United States Vs. Texas (ECWd) –
You can ask most any person in Illinois if corruption is a problem in our State Government, and the answer would be yes. Ask them if they can trust their government, and it’s an overwhelming, No. As we travel throughout this state we see a level of disregard for the law that frankly is frightening, as if we can’t trust that our laws apply to everyone equally we are destined for tyranny.
US Attorney General Eric Holder was the top law enforcement officer in this country for most of President Obama’s Presidency. The level of disregard for accountability to the law from Holder’s Justice Department is nothing new. From Fast and Furious gun operations leading to the killing of our own border agent, to IRS being used to target specific groups, to date, no one has been held accountable for the gross abuse of power and disregard for the law.
I was provided a copy of the Memorandum Opinion and Order from Andrew S. Hanen, United States District Judge for the Southern District of Texas, in the US. vs Texas case and clearly this Judge directed his ruling not only to the US Lawyers who violated numerous rules of conduct but to the very Justice Department ran by Eric Holder.
I took the liberty of extracting some very powerful comments from the bench and listing them as I know some will not read the 28-page order. For those willing to read it, grab a cup of coffee and pull up a seat to see just how far our US Department of Justice has gone off the rails when it comes to “Justice for All”.
I can’t even begin to express my gratitude for what this Judge said in his order, however, what is shared should be concerning to each and every citizen in this country who believes our Justice system is there to protect their rights.
- The duties of a Government lawyer, and in fact of any lawyer, are threefold: (1) tell the truth; (2) do not mislead the Court; and (3) do not allow the Court to be misled for the Justice served in this order.
- The Fifth Circuit has now also held that the Government must play by the rules, and, of course, that decision is now before the Supreme Court.
- the propriety of the Defendants’ (United States of America) actions now lies with the Supreme Court, but the question of how to deal with the conduct, or misconduct, of their counsel rests with this Court.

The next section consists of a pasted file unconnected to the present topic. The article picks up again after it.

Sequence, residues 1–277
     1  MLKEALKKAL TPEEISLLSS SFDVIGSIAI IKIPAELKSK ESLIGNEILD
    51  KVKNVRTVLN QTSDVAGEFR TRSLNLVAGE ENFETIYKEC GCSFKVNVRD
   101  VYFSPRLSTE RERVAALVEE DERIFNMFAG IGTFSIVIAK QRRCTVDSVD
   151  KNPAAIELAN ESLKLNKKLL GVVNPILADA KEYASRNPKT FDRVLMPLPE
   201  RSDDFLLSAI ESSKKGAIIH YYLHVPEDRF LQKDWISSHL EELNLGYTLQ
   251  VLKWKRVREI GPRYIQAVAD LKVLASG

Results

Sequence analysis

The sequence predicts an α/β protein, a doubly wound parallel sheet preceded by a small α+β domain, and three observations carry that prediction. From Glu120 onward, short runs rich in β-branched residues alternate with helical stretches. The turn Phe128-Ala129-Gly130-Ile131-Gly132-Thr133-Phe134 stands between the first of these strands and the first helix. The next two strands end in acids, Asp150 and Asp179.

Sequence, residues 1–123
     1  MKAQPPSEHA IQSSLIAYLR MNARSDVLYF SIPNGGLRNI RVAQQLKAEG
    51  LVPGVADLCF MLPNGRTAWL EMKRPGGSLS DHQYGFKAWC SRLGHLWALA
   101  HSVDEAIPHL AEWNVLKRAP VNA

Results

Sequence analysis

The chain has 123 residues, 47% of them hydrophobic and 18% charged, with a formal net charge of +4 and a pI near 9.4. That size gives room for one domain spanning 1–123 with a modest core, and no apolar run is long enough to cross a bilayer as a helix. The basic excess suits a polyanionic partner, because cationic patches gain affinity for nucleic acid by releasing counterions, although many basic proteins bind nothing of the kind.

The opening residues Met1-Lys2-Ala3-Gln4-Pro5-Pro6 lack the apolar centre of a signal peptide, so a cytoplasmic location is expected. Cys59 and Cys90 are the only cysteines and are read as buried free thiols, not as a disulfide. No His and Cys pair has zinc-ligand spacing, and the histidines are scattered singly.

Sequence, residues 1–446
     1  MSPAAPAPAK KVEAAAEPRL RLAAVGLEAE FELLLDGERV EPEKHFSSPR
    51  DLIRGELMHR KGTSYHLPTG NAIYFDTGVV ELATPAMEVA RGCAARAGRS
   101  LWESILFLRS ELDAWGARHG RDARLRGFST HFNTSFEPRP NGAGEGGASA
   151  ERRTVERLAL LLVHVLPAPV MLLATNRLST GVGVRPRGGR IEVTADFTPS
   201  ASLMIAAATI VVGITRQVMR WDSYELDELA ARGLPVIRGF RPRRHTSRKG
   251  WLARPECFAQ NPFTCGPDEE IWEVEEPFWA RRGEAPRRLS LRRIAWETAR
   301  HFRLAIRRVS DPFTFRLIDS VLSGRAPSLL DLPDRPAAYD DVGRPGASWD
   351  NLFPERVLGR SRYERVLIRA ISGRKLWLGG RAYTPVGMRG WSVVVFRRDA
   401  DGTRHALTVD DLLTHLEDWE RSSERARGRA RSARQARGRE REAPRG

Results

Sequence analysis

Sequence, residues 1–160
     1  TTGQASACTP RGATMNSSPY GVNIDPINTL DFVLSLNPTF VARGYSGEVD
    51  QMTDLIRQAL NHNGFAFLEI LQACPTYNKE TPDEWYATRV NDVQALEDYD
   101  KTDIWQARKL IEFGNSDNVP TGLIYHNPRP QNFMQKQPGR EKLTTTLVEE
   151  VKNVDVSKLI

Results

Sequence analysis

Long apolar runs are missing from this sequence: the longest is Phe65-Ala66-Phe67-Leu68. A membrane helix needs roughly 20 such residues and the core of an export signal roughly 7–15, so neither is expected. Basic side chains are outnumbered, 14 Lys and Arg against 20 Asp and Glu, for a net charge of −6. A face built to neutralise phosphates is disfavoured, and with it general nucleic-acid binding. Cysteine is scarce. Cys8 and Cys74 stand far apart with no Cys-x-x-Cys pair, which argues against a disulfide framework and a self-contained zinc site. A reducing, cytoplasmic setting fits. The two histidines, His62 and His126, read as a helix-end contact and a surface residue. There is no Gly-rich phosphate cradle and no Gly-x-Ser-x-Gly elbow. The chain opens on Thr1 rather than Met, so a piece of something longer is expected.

- The United States Department of Justice (“DOJ” or “Justice Department”) has now admitted making statements that clearly did not match the facts. It has admitted that the lawyers who made these statements had knowledge of the truth when they made these misstatements.
- When a public official behaves with such casual disregard for his constitutional obligations and the rights of the accused, it erodes the public’s trust in our justice system, and chips away at the foundational premises of the rule of law. When such transgressions are acknowledged yet forgiven by the courts, we endorse and invite their repetition
- Now, however, having studied the Government’s filings in this case, its admissions make one conclusion indisputably clear: the Justice Department lawyers knew the true facts and misrepresented those facts to the citizens of the 26 Plaintiff States, their lawyers and this Court on multiple occasions.
- Apparently, lawyers, somewhere in the halls of the Justice Department whose identities are unknown to this Court, decided unilaterally that the conduct of the DHS in granting three-year DACA renewals using the 2014 DHS Directive was immaterial and irrelevant to this lawsuit and that the DOJ could therefore just ignore it. Then, for whatever reason, the Justice Department trial lawyers appearing in this Court chose not to tell the truth about this DHS activity.
- Such conduct is certainly not worthy of any department whose name includes the word “Justice.”7 Suffice it to say, the citizens of all fifty states, their counsel, the affected aliens and the judiciary all deserve better.
- The duties of a Government lawyer, and in fact of any lawyer, are threefold: (1) tell the truth; (2) do not mislead the Court; and (3) do not allow the Court to be misled. The Government’s lawyers failed on all three fronts.
Mr. Gailey: Will Thomas Mara please take the stand?
(Attorney for Mr. Kringle)
Thomas Mara Sr.: Who, me?
(Assistant District Attorney)
Mr. Gailey: Thomas Mara Jr.
Tommy Mara Jr.: Hello, Daddy.
Mr. Gailey: Here you are, Tommy.
The Judge: Tommy, you know the difference between telling the truth
and telling a lie, don’t you?
Tommy Mara Jr.: Gosh, everybody knows you shouldn’t tell a lie, especially
in court.(Spectators Chuckling)
The Judge: Proceed, Mr. Gailey.14
The need to tell the truth, especially in court, was obvious to a fictional young Tommy Mara Jr. in 1947, yet there are certain attorneys in the Justice Department who apparently have not received that message, or more likely have just decided they are above such trivial concepts.
Anyone that reads this entire brief will be enlightened into the problems exposed and should realize very similar actions are taking are taking place with public bodies throughout this state and quite possibly nationwide.
Thank you, Judge Hanen! Your words provide a glimmer of hope that our system of Justice can work the way it was designed.
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